Focus like an Olympian

As I was watching the Olympics recently, I was thinking about how all the athletes had sacrificed much to make it to the Games.

That type of singular focus is admirable. I couldn’t help but think how each of them had discovered the sport they loved and worked at it until they became great at it.

It also reminded me of how important it is to have focus in our network marketing business. It’s easy to go from one idea to the next and the next while we seek success.

Many new networkers are just learning one technique when another one comes along that makes them leave the first one. Instead it’s better to find an approach that works and master it. Once you’ve got it under control, then you can try another.

In short, a narrower focus is almost always better than a broader effort.

That’s why many who are trying to develop “multiple streams of income” struggle. It sounds like a good idea, but in practice it usually doesn’t work.

Steve DeVane

Network marketing that works

Many network marketers struggle early in their careers.

One reason they flounder is because they lack focus. Sometimes they don’t know what to do. Sometimes they don’t do what they know.

Network marketing is a business, but most networkers don’t treat it that way. One good way to start is to treat it like a job. Here’s some tips on how to do that.

Go to work like you’re getting a paycheck. Many networkers don’t take action. Even worse, when they act, they often take incorrect actions. It’s best to learn the right actions, and do them consistently.

Punch the clock. Decide when you can work, and work during that time.

Find a good sponsor and treat them like a boss. You need to learn the proper way to do the business. Find someone’s who is successful and learn from them. Tell them to tell you what to do. Then do it.

Don’t quit. You wouldn’t leave your job after a short amount of time, so don’t give up on networking so quickly. It takes time to be successful. Be patient. You’ll be rewarded.

Business building secrets – More than just one

Every once in a while you run across someone who says they have the secret to success.

The person may very well have something that will help you succeed, but in truth there is no one secret. There’s not a single thing that by itself will automatically grant you instant success. Instead there are many reasons for success. Here’s a few.

Do what you love. One of the most best things you can do for yourself and for your business is figure out why you’re doing what you’re doing. And while you’re thinking about it, understand that just making money isn’t enough to motivate most people.

Give. Nearly everyone who’s successful gives and gives and gives. You might be saying to yourself, “It’s easy for them to give because of they have, so much.” Instead, the opposite is true – they have much because they give much.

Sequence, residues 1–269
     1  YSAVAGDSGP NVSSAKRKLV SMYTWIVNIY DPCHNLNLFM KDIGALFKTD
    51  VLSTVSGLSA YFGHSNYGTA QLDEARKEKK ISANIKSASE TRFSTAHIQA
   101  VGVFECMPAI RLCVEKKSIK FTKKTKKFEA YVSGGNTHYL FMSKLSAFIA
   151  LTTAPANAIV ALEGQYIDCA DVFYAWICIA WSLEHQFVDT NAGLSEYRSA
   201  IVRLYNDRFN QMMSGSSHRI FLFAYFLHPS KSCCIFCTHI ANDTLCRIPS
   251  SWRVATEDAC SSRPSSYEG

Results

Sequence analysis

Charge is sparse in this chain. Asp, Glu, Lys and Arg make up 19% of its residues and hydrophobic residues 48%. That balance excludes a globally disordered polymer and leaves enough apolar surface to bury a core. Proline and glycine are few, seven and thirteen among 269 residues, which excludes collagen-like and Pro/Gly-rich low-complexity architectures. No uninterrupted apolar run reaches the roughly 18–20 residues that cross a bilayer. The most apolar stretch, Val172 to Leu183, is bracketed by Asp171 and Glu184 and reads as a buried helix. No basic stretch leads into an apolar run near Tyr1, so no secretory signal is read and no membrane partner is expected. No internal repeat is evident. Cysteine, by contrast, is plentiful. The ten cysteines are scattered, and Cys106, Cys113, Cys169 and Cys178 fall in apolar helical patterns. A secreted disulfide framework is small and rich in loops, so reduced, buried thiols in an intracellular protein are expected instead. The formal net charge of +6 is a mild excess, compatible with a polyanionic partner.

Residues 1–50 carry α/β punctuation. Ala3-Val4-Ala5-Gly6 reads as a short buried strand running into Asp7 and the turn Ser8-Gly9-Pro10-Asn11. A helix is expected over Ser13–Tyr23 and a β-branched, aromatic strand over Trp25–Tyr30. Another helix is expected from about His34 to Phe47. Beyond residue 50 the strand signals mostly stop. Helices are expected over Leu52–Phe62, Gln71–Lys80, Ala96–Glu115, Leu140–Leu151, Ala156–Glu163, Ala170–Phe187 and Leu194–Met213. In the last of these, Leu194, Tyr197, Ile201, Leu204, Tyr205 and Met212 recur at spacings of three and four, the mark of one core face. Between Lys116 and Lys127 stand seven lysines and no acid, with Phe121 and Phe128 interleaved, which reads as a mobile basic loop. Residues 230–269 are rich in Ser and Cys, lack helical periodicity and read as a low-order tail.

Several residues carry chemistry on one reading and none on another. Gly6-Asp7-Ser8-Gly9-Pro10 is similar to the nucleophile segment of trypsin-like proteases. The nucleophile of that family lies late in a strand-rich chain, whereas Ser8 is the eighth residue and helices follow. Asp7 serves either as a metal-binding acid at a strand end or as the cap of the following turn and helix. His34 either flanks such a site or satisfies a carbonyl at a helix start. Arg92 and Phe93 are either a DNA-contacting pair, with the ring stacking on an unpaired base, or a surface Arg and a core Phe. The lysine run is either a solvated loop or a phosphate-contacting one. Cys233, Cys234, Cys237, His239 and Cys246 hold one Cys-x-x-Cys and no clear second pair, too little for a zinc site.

Find a system that works. Find something that’s proven to be successful and follow it.

Join a team. No one can build a business by themselves. You’ve got to have help.

Do it. Even the best plans are worthless without action. If you want the reward, do the work.

Steve DeVane

Make a decision and stick with it

Last year, I got to coach my daughter’s recreation league basketball team.

I was really looking forward to it. I knew since I hadn’t coached that age level before that my team probably wouldn’t be as talented as many of the other teams, but I thought we’d be competitive.

I was wrong. We lost every game. There were only two games that we had any chance of winning. Most games we got our doors blown off.

By the end of the year, I was totally frustrated. To be honest, I felt like a failure. Looking back, I’ve tried to find lessons that I could learn from the season.

I think I made two big mistakes.

First, I overestimated what the girls could learn. I had in mind several plays and several defenses that I thought they could play.

We practiced our plays, and we practiced our defenses, but when we played our first game we looked lost. It seemed as if we’d never been on a basketball court before.

After a similar performance the next game, I decided we had to scale back on what we were doing. That was my second mistake.

When I tried to get back to more basic basketball, the girls got even more confused. It took me several more games before I realized that the shift had made things worse. By then, it was too late to do much about it. I tried several desperate moves, but nothing worked.

So what’s the lesson? Once you’ve decided on a strategy stick with it until you have to change.

Napoleon Hill analyzed hundreds of successful men for his book, “Think and Grow Rich.” He discovered “that every one of them had the habit of REACHING DECISIONS PROMPTLY, and of changing these decisions SLOWLY, if, and when they were changed.”

Sometimes adjustments are needed when things go wrong, but don’t be too hasty to change directions at the smallest bump in the road.

Steve DeVane